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Review: Aquarius


Aquarius is a three-part feature film depicting the life and struggles of its central character Clara, an ageing music critic played by Brazilian actress and former Golden Globe nominee Sonia Braga.

The film opens in 1980, where Clara lives with her family in Aquarius, an elegant nineteen forties apartment on the beachfront of Recife, a seaside town on Brazil’s east coast.

During a family celebration, it is revealed Clara is a breast cancer survivor.

Flash forward thirty-six years, Clara is a 65-year-old widow, addressed as Dona Clara, who faces disaster when developers threaten to tear down the old building and replace the Aquarius with a modern luxury condo.  

As the last remaining tenant, Clara is faced with increasingly sizeable offers from the company headed by Diego, a young ambitious business graduate.

Attached to the apartment’s sentiment and memories, Clara refuses to leave despite obvious pressure from her three children, who are keen to bolster their wealthy late father’s inheritance.

So begins an epic battle against the developers to retain her apartment block, where Clara faces a series of harassment, intimidation and abuse from Diego’s company in a bid to force her out.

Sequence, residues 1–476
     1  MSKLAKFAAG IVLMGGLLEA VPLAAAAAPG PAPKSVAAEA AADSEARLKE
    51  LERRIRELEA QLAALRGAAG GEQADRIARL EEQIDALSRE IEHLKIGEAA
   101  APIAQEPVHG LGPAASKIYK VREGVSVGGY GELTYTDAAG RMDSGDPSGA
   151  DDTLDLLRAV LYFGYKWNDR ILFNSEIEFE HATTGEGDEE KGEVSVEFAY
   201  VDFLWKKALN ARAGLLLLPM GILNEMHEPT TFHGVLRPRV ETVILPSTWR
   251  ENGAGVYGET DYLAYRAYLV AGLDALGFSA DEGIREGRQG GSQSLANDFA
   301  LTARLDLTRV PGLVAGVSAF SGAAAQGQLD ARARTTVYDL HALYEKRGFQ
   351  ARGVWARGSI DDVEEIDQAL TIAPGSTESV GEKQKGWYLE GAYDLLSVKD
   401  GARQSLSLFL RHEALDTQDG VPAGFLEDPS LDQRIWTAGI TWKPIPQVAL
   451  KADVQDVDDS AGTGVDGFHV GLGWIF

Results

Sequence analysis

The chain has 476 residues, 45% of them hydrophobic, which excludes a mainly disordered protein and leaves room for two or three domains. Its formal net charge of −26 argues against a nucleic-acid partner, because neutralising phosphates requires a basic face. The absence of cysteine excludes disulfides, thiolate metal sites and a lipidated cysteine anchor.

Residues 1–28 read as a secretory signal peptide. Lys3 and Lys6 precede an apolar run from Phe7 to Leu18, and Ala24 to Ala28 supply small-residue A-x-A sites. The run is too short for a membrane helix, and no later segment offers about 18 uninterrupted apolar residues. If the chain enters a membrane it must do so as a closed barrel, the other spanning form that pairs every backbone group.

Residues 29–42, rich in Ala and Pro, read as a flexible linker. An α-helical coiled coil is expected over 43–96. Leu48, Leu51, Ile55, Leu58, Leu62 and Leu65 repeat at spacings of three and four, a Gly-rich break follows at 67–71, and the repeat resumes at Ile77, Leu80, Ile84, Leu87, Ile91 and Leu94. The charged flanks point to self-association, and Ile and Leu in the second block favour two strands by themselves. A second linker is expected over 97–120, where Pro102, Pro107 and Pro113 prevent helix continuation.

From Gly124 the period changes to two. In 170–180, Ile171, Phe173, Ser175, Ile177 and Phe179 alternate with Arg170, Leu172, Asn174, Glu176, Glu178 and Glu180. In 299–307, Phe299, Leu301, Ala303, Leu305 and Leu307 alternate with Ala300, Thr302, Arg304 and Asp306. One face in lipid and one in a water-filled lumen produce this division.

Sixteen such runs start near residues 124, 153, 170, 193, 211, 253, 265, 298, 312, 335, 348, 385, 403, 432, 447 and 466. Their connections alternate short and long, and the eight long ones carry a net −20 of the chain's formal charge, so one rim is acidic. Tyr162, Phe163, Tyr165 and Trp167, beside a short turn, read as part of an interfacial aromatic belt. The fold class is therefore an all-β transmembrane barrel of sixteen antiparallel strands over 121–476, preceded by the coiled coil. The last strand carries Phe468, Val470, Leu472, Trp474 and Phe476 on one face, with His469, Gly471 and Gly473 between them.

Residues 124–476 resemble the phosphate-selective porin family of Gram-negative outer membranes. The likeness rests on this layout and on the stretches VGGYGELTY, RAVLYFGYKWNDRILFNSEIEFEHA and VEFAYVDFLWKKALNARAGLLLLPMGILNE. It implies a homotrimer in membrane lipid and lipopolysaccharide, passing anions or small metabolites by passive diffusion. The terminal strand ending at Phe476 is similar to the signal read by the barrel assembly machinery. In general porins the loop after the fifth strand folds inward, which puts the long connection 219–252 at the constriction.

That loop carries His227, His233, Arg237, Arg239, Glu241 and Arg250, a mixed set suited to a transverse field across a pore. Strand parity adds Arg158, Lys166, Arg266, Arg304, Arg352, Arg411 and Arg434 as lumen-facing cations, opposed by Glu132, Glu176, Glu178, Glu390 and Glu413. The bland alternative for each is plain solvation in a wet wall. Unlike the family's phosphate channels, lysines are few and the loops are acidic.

Director Kleber Mendonca Filho spends much time delving into detail, often with intimate close-ups portraying Clara’s everyday life and the close relationships she develops with her family and long-time housekeeper.

Clara’s deep passion for music and eclectic taste ranging from samba to Queen is often depicted through her dancing alone in the apartment to various vinyl records.

The film’s opening sequence reveals Clara models her life on Aunty Lucia, the adored 70-year-old aunt with a girlish appearance and long hair.

As the film progresses, the women’s passion for life and their legacy appears to be passed on to Julia, the young girlfriend of Clara’s nephew.

Aquarius also highlights the deeply entrenched societal divisions in Brazil through its portrayal of racial tension, class conflict and family.

In a scene where Clara and her housekeeper confront Diego, the young businessman bluntly states it would have been hard for Clara and her family to achieve success due to her dark skin.

Audiences are shown multiple facets to Clara’s character, where her formidable manner and appearance is matched by an equally vulnerable side and pain from her past.

The nightmare scene where a maid-thief recurs in Clara’s dreams is a revenge of sorts, as Clara is shown to have a lifelong habit of deriding servants and speaking as if they were invisible.  

It can be argued Aquarius is a metaphor for Brazil and the country’s contemporary political tensions.

The film’s debut in the Cannes competition last year was accompanied by cast members protesting Brazil is no longer a democracy.

Aquarius ends in a rather abrupt and unexpected manner, but nonetheless paints a superb portrait of a woman who defies the boundaries of age and time.
Written by Caroline Tung